The Future of Labor

Target community: Long Island City, NY

Models of work continue to evolve due to changes in policy, emerging technology, and social behaviors as a few examples. With many social and economic systems changing, what will be the future of labor practices? In a graduate studio course at Parsons School of Design, the project highlights a collaborative transdisciplinary design research approach to develop a future design proposal for Long Island City (LIC).

Main Collaborators: Juliana Chohfi, Alyssa Kropp
Current Impact: Gentrification causing transition from industrial to residential
Future Pain Points: Amazon's implementation of home-delivery service; emerging technology affecting manufacturing workers
Opportunity Space: Immigrant group cooperatives or worker-led organizations


Collaborative Research Dossier

Synthesis into Hunches & Hypothesis

  • Traditional labor-intensive industries are moving out, high-tech industries are moving in

  • Initial researched businesses in LIC have not existed more than 25 years

  • Significant number of workers are laid-off due to the industry shifts

  • Tailored trainings for workers in the LIC manufacturing industry to support the adjustment to emerging industry changes

  • The labor unions are active and the workers are well-represented

  • There is a high demand for manufacturing space while the supply is short

  • Businesses are unaware, or not fully aware, of the available services they can use from governments or organizations

  • Businesses and factories are very aware of the impact they have on environments and have responsive environmental protection plans along their production footprint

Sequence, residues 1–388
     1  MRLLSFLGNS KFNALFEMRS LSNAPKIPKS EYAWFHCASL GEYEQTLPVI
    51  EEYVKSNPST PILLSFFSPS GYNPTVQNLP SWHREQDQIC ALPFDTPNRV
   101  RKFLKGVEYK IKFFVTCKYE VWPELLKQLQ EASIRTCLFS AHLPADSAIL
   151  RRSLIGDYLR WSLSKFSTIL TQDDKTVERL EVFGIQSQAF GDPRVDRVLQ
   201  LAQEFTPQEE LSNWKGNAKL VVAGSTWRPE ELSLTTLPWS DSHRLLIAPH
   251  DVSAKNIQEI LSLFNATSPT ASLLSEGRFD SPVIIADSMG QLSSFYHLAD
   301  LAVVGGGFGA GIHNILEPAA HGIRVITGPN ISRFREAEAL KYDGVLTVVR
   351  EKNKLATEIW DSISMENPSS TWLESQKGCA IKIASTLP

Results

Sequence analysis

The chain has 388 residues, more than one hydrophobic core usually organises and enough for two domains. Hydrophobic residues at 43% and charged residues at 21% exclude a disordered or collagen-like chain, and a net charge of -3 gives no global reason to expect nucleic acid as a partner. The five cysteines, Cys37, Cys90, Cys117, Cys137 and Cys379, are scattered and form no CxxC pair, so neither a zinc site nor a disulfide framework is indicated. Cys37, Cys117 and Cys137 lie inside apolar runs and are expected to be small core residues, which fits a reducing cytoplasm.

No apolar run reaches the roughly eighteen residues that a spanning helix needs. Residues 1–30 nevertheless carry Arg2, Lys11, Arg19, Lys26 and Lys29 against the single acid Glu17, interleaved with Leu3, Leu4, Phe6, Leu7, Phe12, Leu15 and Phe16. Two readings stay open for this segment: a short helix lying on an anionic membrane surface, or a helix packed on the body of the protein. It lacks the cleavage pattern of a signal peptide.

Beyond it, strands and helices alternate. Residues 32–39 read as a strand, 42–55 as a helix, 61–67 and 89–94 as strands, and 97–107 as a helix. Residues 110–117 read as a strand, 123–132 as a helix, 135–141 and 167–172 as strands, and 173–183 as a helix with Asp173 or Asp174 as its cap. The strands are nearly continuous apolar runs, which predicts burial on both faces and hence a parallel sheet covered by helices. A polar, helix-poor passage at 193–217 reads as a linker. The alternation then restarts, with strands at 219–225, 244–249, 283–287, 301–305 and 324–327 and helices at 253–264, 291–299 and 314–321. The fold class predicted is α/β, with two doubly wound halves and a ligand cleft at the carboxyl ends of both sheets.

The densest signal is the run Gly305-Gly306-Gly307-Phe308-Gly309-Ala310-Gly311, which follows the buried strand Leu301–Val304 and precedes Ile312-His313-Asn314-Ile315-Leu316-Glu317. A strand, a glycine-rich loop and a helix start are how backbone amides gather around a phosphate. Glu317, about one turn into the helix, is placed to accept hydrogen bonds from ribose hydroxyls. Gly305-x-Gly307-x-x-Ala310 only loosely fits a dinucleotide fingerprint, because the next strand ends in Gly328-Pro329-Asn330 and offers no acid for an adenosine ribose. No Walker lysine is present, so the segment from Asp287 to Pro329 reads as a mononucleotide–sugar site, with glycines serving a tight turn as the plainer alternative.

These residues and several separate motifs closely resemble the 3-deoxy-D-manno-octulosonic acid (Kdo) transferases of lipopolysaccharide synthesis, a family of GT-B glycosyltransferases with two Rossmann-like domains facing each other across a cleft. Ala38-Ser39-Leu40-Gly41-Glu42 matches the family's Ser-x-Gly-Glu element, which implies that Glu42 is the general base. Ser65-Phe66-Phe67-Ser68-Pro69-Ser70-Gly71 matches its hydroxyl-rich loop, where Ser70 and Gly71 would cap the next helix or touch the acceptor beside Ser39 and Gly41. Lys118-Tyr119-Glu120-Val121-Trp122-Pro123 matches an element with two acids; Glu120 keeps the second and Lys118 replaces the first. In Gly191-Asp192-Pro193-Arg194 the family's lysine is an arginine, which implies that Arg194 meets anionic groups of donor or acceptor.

• Most of the core employees are office based jobs

  • Businesses hire contract or temporary workers during peak production periods

  • Workers are generally satisfied with their working environments

  • Most workers live in further east part of Queens, or further north in Astoria

  • There are commuter services for workers provided by individual companies such as shuttle buses

  • Most businesses in this area are mature, and small to medium size; not so many start-ups and incubation labs

  • There is a well-represented diversity in labor as a whole in the LIC manufacturing area



Early concept development was guided by primary and secondary research. Partnering business and organizations were the leading experts to inform current industry pain points and opportunity spaces. The first ideation approach was to independently sketch a response to hunches generated from the research phase. To create the sketches, abstract toys were constructed and then given a realistic product / service function.

The future of co-working: 
Team analysis revealed the digital opportunities to further connect people in co-working spaces. The most consistent data recognizes the increase of co-working spaces and remote working employees. The image sketches and proposes a mobile application to identify facility resources and acknowledge people's working status for potential networking or collaboration.

Redefining the Concept

Research alignment

After further interviews with LIC Partnership, co-working spaces did not seem to be the most prominent future development of LIC. With more insights, ideation drafting, and service pairing exercises, a new concept surfaced responding to emerging technology, cooperative models, education, and mobility.